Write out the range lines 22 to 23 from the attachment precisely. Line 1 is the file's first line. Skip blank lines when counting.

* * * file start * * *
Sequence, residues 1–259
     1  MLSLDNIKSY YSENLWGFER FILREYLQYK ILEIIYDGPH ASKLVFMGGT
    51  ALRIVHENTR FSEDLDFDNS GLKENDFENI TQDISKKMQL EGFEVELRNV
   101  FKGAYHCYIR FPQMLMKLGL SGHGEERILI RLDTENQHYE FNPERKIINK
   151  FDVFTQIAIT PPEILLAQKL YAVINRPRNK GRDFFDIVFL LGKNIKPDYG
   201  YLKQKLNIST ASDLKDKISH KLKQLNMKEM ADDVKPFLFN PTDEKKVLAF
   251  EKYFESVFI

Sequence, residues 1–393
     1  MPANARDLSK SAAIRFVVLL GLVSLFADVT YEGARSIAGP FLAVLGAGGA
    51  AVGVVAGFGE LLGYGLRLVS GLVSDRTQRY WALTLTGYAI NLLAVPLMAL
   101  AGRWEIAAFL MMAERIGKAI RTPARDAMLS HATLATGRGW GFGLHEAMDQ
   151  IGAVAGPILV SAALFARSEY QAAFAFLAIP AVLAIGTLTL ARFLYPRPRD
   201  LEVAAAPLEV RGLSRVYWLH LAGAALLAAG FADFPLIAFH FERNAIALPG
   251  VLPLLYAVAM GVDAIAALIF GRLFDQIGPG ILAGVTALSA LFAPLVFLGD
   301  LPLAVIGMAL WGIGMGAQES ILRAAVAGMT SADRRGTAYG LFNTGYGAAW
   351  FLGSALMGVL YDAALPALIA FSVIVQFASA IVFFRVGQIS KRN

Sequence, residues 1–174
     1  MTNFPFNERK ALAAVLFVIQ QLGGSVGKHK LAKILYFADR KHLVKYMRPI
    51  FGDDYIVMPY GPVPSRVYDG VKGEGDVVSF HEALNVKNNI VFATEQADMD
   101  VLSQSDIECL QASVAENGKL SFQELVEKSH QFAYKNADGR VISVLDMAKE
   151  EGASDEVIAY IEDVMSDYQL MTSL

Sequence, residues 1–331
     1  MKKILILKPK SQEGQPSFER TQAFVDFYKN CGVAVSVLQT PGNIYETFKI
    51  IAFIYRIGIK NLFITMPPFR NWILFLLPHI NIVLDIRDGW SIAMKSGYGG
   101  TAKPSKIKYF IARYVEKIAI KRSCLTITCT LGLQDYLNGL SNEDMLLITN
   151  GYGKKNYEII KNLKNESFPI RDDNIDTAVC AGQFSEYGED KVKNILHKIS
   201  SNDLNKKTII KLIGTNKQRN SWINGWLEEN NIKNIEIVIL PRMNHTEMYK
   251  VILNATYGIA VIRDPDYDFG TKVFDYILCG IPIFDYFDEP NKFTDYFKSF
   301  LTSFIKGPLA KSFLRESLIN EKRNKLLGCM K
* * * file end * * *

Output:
Sequence, residues 1–331
     1  MKKILILKPK SQEGQPSFER TQAFVDFYKN CGVAVSVLQT PGNIYETFKI